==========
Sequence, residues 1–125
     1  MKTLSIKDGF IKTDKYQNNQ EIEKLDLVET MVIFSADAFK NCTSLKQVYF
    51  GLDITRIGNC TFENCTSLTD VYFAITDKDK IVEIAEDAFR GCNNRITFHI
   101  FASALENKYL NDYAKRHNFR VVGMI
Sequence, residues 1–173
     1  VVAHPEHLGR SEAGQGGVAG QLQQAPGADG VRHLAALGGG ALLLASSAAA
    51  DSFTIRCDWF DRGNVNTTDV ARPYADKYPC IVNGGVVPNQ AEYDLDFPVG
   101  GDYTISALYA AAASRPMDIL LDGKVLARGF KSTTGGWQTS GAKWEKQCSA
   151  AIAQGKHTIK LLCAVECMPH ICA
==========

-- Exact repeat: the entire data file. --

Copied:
Sequence, residues 1–125
     1  MKTLSIKDGF IKTDKYQNNQ EIEKLDLVET MVIFSADAFK NCTSLKQVYF
    51  GLDITRIGNC TFENCTSLTD VYFAITDKDK IVEIAEDAFR GCNNRITFHI
   101  FASALENKYL NDYAKRHNFR VVGMI
Sequence, residues 1–173
     1  VVAHPEHLGR SEAGQGGVAG QLQQAPGADG VRHLAALGGG ALLLASSAAA
    51  DSFTIRCDWF DRGNVNTTDV ARPYADKYPC IVNGGVVPNQ AEYDLDFPVG
   101  GDYTISALYA AAASRPMDIL LDGKVLARGF KSTTGGWQTS GAKWEKQCSA
   151  AIAQGKHTIK LLCAVECMPH ICA